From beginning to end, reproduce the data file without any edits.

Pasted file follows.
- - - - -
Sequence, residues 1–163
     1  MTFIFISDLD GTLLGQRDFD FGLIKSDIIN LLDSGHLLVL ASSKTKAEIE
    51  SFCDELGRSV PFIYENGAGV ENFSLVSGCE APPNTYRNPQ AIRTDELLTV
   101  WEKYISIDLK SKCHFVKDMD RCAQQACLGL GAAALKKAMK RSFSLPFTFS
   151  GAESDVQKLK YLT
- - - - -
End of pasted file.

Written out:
Sequence, residues 1–163
     1  MTFIFISDLD GTLLGQRDFD FGLIKSDIIN LLDSGHLLVL ASSKTKAEIE
    51  SFCDELGRSV PFIYENGAGV ENFSLVSGCE APPNTYRNPQ AIRTDELLTV
   101  WEKYISIDLK SKCHFVKDMD RCAQQACLGL GAAALKKAMK RSFSLPFTFS
   151  GAESDVQKLK YLT